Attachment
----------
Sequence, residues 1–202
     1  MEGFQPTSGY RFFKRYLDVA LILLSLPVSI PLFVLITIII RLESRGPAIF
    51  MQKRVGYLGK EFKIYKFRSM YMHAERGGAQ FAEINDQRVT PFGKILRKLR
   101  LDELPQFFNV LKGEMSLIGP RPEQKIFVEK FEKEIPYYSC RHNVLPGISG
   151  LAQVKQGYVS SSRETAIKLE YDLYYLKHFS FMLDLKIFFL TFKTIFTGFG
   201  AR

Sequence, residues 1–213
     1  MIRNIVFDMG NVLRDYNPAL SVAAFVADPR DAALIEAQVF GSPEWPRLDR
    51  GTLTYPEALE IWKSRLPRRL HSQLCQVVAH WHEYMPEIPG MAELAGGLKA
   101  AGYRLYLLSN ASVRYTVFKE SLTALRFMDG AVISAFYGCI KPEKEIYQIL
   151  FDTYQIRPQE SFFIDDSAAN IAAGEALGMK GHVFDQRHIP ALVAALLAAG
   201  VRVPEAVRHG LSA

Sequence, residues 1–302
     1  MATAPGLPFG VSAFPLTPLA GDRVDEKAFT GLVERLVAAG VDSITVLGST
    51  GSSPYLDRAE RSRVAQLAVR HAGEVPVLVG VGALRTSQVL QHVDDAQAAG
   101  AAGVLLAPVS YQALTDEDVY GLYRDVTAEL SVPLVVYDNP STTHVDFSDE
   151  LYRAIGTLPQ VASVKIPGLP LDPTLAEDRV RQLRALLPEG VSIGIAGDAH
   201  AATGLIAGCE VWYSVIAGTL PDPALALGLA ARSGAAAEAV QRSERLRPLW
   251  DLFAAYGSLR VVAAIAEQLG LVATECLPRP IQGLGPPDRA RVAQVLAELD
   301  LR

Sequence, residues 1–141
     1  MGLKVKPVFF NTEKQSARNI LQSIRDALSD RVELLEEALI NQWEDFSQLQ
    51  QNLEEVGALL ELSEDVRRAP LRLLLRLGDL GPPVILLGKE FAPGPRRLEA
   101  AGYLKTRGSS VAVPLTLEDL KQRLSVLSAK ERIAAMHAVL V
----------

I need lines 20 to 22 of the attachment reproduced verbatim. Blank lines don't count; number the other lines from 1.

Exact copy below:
   301  LR

Sequence, residues 1–141
     1  MGLKVKPVFF NTEKQSARNI LQSIRDALSD RVELLEEALI NQWEDFSQLQ